After spending three weeks in repairing his ships, Clinton sailed for New York, and the South was free from invasion for nearly three years, when it became the scene of the final conflict of the war.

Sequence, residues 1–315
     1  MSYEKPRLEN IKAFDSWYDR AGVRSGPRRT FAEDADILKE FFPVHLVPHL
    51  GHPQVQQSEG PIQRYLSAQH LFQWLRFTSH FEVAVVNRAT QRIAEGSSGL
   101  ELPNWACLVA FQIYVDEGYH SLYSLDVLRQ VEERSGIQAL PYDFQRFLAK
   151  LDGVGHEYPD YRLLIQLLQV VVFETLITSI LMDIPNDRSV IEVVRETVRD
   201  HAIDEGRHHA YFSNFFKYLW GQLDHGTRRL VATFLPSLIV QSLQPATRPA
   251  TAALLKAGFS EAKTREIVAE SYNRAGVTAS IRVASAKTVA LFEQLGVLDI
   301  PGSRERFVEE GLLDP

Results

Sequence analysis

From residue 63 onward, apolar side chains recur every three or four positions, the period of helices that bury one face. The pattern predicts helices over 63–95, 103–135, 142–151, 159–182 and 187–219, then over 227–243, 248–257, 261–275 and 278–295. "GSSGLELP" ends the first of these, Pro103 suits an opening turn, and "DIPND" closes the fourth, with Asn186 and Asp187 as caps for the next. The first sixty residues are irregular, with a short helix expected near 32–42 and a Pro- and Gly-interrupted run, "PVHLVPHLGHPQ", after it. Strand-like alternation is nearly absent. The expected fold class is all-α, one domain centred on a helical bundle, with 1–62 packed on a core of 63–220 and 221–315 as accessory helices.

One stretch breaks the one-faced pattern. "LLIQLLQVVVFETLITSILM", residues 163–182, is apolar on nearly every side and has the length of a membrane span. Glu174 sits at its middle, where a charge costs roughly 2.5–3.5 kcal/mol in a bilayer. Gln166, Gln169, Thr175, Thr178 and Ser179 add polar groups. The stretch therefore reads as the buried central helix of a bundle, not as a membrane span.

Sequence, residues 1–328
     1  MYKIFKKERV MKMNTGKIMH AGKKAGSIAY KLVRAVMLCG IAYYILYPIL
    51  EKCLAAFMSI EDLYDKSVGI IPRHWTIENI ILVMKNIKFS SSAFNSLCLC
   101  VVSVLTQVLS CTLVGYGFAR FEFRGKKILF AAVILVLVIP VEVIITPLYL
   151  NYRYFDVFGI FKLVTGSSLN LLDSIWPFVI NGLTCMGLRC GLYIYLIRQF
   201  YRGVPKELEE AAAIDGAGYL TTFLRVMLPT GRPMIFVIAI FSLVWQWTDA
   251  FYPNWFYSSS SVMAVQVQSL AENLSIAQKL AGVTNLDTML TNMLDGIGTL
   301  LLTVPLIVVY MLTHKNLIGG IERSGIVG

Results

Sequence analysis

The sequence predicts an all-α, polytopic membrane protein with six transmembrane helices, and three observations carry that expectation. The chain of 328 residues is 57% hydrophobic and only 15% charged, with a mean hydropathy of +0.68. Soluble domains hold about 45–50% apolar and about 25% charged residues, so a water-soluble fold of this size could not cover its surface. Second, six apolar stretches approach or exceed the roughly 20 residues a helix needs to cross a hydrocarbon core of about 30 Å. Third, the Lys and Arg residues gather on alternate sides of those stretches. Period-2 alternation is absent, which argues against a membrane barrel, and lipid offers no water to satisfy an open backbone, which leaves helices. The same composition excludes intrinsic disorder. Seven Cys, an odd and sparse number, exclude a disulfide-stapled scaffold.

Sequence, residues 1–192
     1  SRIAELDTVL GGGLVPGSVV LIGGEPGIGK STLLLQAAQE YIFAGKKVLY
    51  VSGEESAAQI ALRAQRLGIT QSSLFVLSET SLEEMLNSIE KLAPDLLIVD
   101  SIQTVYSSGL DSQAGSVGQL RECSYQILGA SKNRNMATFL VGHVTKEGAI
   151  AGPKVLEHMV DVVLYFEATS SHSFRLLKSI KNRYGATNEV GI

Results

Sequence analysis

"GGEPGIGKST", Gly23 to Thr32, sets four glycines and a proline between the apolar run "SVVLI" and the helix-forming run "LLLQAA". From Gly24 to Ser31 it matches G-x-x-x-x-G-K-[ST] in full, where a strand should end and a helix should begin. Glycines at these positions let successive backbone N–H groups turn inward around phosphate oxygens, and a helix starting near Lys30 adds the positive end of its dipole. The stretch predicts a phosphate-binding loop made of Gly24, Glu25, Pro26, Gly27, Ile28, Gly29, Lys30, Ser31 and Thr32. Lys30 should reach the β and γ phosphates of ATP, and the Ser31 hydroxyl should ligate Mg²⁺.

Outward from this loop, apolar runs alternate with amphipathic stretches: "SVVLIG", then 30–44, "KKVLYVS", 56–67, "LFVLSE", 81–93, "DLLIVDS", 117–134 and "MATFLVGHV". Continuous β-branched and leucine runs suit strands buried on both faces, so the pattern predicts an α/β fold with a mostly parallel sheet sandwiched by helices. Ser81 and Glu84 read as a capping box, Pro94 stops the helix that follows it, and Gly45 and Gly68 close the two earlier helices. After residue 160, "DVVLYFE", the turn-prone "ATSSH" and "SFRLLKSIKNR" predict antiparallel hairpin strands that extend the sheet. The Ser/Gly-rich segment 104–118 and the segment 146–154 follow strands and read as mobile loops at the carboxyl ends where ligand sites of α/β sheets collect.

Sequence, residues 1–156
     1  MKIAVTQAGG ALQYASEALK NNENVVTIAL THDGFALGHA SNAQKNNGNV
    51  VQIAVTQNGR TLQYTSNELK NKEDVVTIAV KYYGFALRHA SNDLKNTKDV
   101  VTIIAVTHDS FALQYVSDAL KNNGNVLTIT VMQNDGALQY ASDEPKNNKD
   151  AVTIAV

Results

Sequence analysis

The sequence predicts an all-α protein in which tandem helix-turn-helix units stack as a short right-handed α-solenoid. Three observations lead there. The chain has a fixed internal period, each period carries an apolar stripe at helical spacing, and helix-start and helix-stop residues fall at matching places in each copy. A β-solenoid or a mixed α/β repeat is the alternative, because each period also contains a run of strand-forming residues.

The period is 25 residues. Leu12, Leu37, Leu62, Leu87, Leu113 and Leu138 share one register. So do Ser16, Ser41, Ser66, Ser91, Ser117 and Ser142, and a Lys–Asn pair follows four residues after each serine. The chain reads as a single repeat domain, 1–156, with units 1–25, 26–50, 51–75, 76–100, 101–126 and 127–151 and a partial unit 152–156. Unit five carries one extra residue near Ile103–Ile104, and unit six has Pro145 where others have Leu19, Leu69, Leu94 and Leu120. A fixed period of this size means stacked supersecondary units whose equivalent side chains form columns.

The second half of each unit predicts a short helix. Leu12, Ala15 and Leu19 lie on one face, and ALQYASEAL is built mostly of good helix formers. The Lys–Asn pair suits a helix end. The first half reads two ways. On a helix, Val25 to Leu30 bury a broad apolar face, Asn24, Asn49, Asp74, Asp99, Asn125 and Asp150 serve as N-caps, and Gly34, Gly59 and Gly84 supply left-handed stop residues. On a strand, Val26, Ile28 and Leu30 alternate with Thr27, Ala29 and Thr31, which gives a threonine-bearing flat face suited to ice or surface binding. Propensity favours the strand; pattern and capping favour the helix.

The success of Washington at Boston and of Moultrie at Charleston sent a wave of exultation over the land; but this was followed by a feeling of depression caused by half a year of unbroken disasters. The British had decided to sever the colonies in twain--to cut off New England from the South--by occupying New York City and conquering the Hudson Valley. General William Howe came down from Halifax, and was joined by his brother, Admiral Howe, with a powerful fleet from England; and these were joined in the New York harbor by Clinton and Cornwallis from the South. At the same time Sir Guy Carleton was ordered to descend with an army from Canada, to capture Ticonderoga, and to hold possession of the upper Hudson.